Security Certifications – Where to Begin?

IT has for many years been a sector covered in various certifications and IT security especially has been an area of IT that has been covered in a plethora of various security related certifications. This to a degree that you will not be viewed seriously as an applicant for security jobs without any of these certifications. But where to begin? In this article I will try to give you some pointers on how to begin acquiring some of these certifications, as well as provide you with advice on which to go for depending on the areas of cyber security you find interesting.

My assumptions here are that you are a beginning, to intermediate, cyber security professional, trying to get a grip on the many, many cyber security certifications out there. If you look at my signature below this article, you will see that I have many of the certifications I will be mentioning here, so I have been where you are now! First, let me try to define some pillars within cyber security, that we can use as a guide here. The pillars that I am using here will not be representative for the entire area of cyber security, so please do not see them as the be all, end all truth of certifications and they are of course colored by my own interests in cyber security! First, look at the table below:

GRCProductsPrivacyGeneral Security
ISO 2700xMicrosoftCDPSECISSP

GRC in the above table is short for: Governance, Risk and Compliance. As well as many different certifications, there are many different vendors behind all these certifications. Some with many different certifications and others with only a limited number of certifications. You should not necessarily see the organizations with many certifications as better than the ones that are more limited! Or the other way around for that matter, it all depends on which are of cyber security you would like to make a career in. Let us look at each of the columns one by one.

GRC – Governance, Risk & Compliance

This is an area of cyber security that is becoming more and more important for any security professional! As the business environments are becoming more complex and the regulations more thorough, this is an area with an increased focus for management in the various organizations in heavily regulated industries, or just as a way of creating confidence in the organization from investors and customers. The certifications I have highlighted in this area comes from ISO, Payment Card Industry organization and ISACA. If you are a beginning cyber security professional, these are not certifications that you should aim at from the get-go. Some of them requires significant amount of years of experience before you will be granted the certification. For CGEIT and CRISC the number of years is 5 and the experience must be within the domains that the certifications are covering in the exams. For PCI DSS the training an examinations have significant costs involved, but there is plenty of work to be found for any person that is PCI DSS certified, since this is the way that merchants are showing compliance with the payment card security standards.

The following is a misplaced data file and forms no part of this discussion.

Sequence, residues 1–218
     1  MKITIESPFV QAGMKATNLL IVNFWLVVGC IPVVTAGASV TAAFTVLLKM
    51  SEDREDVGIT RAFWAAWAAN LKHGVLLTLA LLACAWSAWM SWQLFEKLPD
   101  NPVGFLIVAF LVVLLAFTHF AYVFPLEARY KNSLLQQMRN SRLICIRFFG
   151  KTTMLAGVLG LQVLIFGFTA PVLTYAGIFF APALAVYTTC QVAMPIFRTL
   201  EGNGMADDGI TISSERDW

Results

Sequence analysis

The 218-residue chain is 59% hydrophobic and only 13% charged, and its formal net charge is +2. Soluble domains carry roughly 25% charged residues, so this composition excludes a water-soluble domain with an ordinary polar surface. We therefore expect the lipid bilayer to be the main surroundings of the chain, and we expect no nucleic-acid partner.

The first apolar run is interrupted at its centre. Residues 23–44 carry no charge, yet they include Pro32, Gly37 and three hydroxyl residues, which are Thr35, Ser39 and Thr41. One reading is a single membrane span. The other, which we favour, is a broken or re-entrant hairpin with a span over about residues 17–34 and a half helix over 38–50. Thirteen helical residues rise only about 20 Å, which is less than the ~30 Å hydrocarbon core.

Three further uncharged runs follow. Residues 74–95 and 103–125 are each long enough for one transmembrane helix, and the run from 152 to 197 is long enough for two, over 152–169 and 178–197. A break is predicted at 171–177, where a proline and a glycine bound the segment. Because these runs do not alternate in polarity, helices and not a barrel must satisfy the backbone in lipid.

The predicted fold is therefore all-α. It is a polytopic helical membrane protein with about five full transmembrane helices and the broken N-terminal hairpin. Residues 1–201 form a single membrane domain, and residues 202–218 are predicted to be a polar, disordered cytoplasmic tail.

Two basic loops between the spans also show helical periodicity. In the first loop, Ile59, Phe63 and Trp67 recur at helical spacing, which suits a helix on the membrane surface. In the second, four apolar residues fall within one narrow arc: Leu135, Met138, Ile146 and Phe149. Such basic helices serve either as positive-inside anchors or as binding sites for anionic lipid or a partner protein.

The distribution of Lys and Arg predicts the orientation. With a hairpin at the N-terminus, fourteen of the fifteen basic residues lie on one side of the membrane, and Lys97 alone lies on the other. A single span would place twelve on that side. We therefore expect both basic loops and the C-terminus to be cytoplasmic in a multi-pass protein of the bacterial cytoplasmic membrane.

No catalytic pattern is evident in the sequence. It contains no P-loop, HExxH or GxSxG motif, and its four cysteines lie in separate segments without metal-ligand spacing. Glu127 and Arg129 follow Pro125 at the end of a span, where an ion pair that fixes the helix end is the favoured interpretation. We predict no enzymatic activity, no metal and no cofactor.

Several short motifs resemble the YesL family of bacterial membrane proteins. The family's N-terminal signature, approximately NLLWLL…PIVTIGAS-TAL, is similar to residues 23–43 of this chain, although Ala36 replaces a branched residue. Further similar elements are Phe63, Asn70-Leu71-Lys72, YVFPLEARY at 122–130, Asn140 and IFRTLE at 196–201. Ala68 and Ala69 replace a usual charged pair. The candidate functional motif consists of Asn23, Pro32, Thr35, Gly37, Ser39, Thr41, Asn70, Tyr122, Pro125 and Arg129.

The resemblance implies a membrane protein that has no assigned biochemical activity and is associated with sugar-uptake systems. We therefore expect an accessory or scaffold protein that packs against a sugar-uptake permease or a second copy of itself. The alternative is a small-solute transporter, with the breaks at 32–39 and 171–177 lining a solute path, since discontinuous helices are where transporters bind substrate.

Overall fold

Even if you have no intent of moving into the GRC area of cyber security, it is of paramount importance that you at least gain some level of knowledge in the GRC area! Why? Because as a cyber security professional you will be expected to be able to advice clients and customers on these points, even if you are not the one that is going to implement the projects.


Here are some of the certifications that a beginning professional should aim at getting under their belt! First off, because these kinds of certifications will not have any experience mandate before gaining them and because they provide you with excellent insight into the technologies behind the various security protections in the organizations we are working for, or consulting for. Microsoft and Cisco have both had a multitude of certifications for many years. Microsoft has not had any security related certifications until recently, with the Azure focused AZ-500 certification that focuses on security in Azure and the MS-500 that has a focus on the 365 environments from Microsoft.

Cisco has had security focused certification since the 90’s with a focus on the Cisco security products. As Cisco has increased their product portfolio, these certifications have followed with increased content and therefore with an increased difficulty in obtaining them. The new CCNP Security certification, for instance, has one core exam and six sub specializations beneath the core exam. All of them requiring a formal examination before gaining them. Now, there are a lot of other companies with relevant security certifications out there, beyond Microsoft and Cisco. Some of them are:

  • Check Point
  • Palo Alto
  • McAfee
  • Trend Micro

Which ones you focus on will depend on the technology platforms of your customers or employers, but as a beginning security professional, gaining these product focused certifications is an excellent way of gaining experience for the certifications requiring experience.